I thought the hon. Gentleman had something useful to contribute to the Debate. The fact is—[HON. MEMBERS: "Answer."] I am talking about our present economic difficulties. The fact is that this Government have been guilty of the same mistake three times over, and each time the mistake has been in a more important matter and has led to consequences each time more severe. The first time was in the early spring of 1946 when the maladministration of our food situation led to the resignation of Sir Ben Smith. The second was the fuel and power crisis in the spring of this year when the maladministration of our coal industry ought to have led to the resignation of the Minister of Fuel and Power. The third occasion is now, when the maladministration of our economic situation should certainly lead first to the resignation of the Chancellor of the Exchequer, and secondly to the dismissal of this Government, and the Dissolution of Parliament.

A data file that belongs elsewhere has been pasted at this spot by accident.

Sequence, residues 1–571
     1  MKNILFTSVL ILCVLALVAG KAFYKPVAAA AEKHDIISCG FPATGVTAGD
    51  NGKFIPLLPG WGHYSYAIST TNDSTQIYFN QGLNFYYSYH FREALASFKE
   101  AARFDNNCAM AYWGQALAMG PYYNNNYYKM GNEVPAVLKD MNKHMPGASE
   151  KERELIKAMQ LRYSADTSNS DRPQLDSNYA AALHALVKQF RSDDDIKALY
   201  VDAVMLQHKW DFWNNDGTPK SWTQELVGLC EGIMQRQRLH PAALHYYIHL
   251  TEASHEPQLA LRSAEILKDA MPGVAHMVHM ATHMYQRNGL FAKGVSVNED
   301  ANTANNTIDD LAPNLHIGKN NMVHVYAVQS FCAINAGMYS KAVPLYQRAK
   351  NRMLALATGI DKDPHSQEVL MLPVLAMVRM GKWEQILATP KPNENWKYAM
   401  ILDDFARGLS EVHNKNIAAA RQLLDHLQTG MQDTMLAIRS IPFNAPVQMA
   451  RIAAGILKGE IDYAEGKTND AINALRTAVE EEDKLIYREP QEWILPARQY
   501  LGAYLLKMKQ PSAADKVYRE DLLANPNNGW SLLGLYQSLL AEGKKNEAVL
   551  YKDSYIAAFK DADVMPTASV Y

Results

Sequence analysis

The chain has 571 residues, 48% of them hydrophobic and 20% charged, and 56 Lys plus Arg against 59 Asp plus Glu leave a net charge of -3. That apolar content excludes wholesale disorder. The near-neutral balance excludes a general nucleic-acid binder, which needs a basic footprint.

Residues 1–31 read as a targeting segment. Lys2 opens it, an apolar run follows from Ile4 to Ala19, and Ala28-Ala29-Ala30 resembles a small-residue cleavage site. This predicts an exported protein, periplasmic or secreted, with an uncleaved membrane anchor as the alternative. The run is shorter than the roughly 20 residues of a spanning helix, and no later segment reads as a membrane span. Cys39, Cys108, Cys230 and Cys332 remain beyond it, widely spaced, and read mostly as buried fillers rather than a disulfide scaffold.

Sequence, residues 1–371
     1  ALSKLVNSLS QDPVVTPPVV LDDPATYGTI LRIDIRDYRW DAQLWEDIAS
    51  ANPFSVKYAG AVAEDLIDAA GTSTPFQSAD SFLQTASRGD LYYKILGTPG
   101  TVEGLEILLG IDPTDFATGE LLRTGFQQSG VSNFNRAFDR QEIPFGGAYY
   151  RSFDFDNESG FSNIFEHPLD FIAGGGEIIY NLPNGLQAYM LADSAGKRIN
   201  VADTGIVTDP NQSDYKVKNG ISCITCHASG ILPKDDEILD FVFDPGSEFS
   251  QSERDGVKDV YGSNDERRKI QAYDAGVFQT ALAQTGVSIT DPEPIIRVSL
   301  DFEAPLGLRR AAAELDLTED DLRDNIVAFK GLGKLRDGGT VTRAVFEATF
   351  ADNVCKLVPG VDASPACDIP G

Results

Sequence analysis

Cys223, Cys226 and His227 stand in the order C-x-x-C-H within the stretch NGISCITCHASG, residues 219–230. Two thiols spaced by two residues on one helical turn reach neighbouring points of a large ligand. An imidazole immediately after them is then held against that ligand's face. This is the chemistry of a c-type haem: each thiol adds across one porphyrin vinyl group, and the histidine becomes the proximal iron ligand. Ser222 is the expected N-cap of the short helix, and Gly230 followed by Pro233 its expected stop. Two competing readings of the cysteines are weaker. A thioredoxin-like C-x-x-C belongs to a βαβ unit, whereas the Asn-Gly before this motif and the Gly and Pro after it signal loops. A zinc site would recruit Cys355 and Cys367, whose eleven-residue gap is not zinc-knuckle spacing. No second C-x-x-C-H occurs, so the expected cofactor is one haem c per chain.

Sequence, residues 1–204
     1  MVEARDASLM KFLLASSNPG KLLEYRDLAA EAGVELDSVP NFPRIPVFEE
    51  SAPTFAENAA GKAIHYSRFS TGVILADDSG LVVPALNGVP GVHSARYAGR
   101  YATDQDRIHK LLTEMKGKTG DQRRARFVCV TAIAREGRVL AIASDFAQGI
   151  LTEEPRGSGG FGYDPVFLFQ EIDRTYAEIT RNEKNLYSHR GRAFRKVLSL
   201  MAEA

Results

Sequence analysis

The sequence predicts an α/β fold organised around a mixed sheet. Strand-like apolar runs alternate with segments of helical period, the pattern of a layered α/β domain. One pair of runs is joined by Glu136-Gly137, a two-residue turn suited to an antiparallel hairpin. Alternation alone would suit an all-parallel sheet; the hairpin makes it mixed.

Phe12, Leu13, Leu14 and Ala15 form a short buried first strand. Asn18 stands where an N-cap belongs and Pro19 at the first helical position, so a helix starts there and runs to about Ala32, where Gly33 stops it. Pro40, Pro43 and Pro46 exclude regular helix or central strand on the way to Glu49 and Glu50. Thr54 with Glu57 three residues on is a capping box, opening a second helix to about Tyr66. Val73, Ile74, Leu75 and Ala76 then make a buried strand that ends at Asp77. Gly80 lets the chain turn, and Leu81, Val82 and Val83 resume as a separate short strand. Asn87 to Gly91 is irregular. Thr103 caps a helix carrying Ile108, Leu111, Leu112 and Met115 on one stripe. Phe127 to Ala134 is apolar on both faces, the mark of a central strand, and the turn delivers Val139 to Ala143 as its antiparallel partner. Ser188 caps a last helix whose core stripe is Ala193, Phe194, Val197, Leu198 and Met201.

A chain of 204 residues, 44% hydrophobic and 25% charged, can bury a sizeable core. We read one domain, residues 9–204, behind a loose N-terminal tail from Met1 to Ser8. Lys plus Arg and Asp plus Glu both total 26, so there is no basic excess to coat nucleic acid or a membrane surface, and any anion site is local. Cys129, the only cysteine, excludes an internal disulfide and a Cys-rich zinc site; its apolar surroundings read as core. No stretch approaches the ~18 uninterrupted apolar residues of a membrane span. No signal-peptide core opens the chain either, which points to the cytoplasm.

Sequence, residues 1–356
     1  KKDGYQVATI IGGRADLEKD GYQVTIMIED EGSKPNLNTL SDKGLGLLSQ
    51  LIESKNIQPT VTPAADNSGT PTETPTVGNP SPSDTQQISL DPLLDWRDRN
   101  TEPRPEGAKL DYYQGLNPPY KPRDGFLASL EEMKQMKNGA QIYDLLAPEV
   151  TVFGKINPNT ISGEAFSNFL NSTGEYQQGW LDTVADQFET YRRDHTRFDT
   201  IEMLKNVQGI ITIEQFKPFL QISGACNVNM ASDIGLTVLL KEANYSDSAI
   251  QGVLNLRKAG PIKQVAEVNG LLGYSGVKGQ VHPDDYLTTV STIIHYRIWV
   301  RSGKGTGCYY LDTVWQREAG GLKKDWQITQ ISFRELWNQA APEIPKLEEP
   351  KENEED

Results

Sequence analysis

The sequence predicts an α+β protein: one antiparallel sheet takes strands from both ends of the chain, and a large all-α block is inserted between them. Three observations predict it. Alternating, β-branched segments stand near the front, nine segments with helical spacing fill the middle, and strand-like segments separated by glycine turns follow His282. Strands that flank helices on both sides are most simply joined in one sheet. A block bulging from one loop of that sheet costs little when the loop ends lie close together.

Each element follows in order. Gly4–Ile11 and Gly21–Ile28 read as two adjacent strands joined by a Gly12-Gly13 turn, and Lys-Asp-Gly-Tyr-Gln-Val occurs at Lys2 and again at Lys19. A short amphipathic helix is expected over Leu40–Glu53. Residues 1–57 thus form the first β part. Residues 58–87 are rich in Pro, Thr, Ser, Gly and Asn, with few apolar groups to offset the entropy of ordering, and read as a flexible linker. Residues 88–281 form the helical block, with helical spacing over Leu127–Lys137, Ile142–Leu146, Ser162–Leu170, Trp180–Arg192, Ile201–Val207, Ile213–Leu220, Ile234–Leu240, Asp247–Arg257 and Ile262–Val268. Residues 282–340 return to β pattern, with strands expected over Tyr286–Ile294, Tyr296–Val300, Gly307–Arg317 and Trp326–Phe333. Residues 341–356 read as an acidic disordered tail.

In each case the mistake has been the same. In each case the country was faced with a prospective crisis, which could easily have been foreseen, and which ought to have been dealt with in time. In each case it could have been dealt with in time, not so as to avoid all hardship, but so as to incur a hardship far less than that which has in fact been incurred by the policy of putting off the evil day. That was true in the case of food, that has been true in the fuel crisis, and still more has it been true in the dollar crisis which we are discussing today.